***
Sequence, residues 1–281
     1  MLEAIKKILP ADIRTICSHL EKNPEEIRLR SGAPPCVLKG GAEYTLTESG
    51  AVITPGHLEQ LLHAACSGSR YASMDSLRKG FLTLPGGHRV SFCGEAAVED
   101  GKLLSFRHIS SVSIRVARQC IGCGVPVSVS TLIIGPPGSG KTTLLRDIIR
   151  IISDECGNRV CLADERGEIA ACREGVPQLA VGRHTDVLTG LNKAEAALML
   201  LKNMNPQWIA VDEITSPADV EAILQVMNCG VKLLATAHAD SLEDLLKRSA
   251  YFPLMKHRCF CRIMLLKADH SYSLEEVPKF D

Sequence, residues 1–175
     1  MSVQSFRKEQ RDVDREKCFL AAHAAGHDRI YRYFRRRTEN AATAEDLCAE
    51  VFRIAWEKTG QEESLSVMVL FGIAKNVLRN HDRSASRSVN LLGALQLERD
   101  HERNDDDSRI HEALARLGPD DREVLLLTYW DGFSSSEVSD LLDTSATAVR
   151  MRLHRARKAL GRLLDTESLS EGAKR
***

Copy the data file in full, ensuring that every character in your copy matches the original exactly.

Sequence, residues 1–281
     1  MLEAIKKILP ADIRTICSHL EKNPEEIRLR SGAPPCVLKG GAEYTLTESG
    51  AVITPGHLEQ LLHAACSGSR YASMDSLRKG FLTLPGGHRV SFCGEAAVED
   101  GKLLSFRHIS SVSIRVARQC IGCGVPVSVS TLIIGPPGSG KTTLLRDIIR
   151  IISDECGNRV CLADERGEIA ACREGVPQLA VGRHTDVLTG LNKAEAALML
   201  LKNMNPQWIA VDEITSPADV EAILQVMNCG VKLLATAHAD SLEDLLKRSA
   251  YFPLMKHRCF CRIMLLKADH SYSLEEVPKF D

Sequence, residues 1–175
     1  MSVQSFRKEQ RDVDREKCFL AAHAAGHDRI YRYFRRRTEN AATAEDLCAE
    51  VFRIAWEKTG QEESLSVMVL FGIAKNVLRN HDRSASRSVN LLGALQLERD
   101  HERNDDDSRI HEALARLGPD DREVLLLTYW DGFSSSEVSD LLDTSATAVR
   151  MRLHRARKAL GRLLDTESLS EGAKR